|Siwa Oasis is an oasis in Egypt, located between the Qattara Depression and the Egyptian Sand Sea in the Libyan Desert, nearly 50 km (30 mi) east of the Libyan border, and 560 km (348 mi) from Cairo.
About 80 km (50 mi) in length and 20 km (12 mi) wide, Siwa Oasis is one of Egypt's most isolated settlements, with 23,000 people, mostly Berber speakers who speak a distinct language of the Berber family known as Siwi. Its fame lies primarily in its ancient role as the home to an oracle of Amon, the ruins of which are a popular tourist attraction which gave the oasis its ancient name Ammonium. Historically, it is part of Ancient Libya. Its modern name Siwa, first attested in the 15th century (earlier Arab geographers termed it Santariyyah), is of uncertain origin. Basset links it to a Berber tribal name swh attested further west in the early Islamic period, while Ilahiane, following Chafik, links it to the Tashelhiyt Berber word asiwan, a type of prey bird, and hence to Amon-Ra, one of whose symbols was the falcon.
Agriculture is the main activity of modern Siwi, particularly the cultivation of dates and olives. Handicrafts like basketry are also of regional importance.The isolation of the oasis caused the development of a unique culture which was shown in its pottery, costume, styles of embroidery and, most notably, in the silver jewellery worn by women to weddings and important occasions. These pieces were decorated with symbols which related to Siwa’s history and beliefs and attitudes. Tourism has in recent decades become a vital source of income. Much attention has been given to creating hotels that use local materials and play on local styles.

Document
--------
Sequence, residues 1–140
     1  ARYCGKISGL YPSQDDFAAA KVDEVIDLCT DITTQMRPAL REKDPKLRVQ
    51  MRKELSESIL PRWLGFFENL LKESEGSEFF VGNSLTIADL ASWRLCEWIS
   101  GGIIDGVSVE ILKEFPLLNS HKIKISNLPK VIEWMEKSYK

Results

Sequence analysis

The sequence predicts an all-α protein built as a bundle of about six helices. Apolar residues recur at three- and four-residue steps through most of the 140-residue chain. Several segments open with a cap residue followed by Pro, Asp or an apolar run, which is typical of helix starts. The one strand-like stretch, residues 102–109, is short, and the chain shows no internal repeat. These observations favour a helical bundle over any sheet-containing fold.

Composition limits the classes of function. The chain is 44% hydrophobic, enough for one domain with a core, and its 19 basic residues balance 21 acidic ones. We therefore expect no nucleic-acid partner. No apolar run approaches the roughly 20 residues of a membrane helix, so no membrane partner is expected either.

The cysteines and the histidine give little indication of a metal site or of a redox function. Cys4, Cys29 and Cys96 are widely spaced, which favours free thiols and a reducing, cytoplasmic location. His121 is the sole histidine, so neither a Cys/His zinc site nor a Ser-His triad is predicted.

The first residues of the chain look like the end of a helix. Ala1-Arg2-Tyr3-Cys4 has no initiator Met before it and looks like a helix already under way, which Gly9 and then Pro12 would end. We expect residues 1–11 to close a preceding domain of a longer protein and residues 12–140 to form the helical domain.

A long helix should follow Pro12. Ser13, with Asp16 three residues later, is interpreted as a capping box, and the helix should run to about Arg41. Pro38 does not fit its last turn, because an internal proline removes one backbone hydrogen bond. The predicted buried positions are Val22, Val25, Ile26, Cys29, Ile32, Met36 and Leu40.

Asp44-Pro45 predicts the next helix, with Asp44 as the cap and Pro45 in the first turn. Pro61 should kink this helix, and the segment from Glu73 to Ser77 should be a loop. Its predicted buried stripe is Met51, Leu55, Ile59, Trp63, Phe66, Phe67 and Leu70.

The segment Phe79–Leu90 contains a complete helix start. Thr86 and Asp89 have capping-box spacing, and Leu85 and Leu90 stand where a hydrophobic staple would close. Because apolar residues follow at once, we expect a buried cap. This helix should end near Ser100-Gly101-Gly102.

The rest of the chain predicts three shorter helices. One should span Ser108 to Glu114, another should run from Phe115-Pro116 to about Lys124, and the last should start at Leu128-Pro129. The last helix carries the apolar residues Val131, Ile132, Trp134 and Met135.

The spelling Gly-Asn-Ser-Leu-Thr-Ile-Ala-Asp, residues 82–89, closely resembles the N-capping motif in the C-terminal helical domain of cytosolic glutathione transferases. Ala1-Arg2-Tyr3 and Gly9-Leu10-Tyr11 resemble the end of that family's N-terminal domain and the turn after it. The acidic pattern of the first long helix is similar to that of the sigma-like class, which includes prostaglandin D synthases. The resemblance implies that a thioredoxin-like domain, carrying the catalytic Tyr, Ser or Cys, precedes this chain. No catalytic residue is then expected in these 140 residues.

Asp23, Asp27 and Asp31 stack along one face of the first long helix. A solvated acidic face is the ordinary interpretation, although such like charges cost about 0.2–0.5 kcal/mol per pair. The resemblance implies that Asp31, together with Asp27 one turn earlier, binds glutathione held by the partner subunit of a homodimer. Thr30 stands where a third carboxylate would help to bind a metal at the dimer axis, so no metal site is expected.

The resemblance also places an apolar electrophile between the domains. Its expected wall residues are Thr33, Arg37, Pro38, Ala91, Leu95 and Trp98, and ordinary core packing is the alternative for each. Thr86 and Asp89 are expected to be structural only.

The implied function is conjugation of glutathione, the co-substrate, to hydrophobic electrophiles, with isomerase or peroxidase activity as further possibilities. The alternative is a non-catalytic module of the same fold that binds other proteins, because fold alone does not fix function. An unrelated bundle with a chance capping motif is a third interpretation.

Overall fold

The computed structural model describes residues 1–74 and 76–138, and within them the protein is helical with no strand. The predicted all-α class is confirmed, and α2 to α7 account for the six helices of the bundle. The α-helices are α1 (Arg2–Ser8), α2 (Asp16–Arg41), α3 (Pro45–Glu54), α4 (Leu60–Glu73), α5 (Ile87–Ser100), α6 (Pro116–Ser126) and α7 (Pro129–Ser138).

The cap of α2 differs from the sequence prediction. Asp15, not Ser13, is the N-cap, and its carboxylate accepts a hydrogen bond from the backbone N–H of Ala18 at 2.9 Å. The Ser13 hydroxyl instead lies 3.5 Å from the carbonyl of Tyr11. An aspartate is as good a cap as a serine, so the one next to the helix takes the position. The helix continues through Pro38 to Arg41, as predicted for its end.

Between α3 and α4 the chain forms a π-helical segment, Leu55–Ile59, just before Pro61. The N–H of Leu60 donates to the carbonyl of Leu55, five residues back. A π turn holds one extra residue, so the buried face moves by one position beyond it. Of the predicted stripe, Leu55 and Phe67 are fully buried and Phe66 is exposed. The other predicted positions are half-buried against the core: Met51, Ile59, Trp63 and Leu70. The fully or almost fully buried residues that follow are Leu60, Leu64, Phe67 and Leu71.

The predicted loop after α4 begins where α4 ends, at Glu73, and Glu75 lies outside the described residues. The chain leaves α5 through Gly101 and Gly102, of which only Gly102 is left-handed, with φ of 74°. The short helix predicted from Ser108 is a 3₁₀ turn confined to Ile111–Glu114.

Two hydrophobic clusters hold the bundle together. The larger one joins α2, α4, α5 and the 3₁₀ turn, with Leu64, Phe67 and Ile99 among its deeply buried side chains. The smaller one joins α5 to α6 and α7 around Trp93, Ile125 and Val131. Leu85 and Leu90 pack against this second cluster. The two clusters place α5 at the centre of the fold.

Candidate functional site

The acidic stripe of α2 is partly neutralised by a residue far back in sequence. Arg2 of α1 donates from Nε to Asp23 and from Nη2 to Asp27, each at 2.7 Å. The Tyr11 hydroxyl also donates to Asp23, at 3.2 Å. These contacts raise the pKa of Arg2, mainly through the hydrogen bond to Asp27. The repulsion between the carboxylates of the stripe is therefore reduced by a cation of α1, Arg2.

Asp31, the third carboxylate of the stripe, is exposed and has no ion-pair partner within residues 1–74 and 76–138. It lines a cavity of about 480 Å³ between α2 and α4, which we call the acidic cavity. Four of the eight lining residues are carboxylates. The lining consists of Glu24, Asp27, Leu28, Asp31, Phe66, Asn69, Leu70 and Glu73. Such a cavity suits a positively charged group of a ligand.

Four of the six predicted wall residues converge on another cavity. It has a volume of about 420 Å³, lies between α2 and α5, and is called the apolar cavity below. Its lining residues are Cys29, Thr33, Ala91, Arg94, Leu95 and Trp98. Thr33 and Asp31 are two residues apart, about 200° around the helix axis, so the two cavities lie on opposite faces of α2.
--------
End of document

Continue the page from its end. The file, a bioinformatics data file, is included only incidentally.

An oasis of surprises in a stunning desert landscape.
Siwa, once the most mysterious of all Egypt's oases, is also the most fascinating. It's history has not only been shaped by all major civilizations, but also by the contrast of the surrounding desert with the lush soil of the oasis setting.
The Siwan people have their own culture and customs and, as well as speaking Arabic, we speak own Berber (Amazigh) language. Women still wear traditional costumes and silver jewelers and Siwa remains one of the best places to buy traditional local handicrafts.
The modern town of Siwa is set among thick palm groves, walled gardens and olive orchards, with numerous freshwater springs and salt lakes. Siwa also clusters beneath the impressive remains of the ancient fortress town of Shali.
Come and experience the delights that Siwa has to offer. Climb through the ruins of the old city for magnificent views of the whole oasis. Walk, hire a bicycle or ride in a caretta (donkey cart) to outlying sights and bathing places. Take a dip in one of the many cool and refreshing springs. Taste traditional Siwan foods. Enjoy a truly unforgettable and unique cultural experience. Another favorite bathing spot for locals and tourists is Fatnas Island, located on the salt lake of Birket Siwa, surrounded by palm trees and beautiful scenery.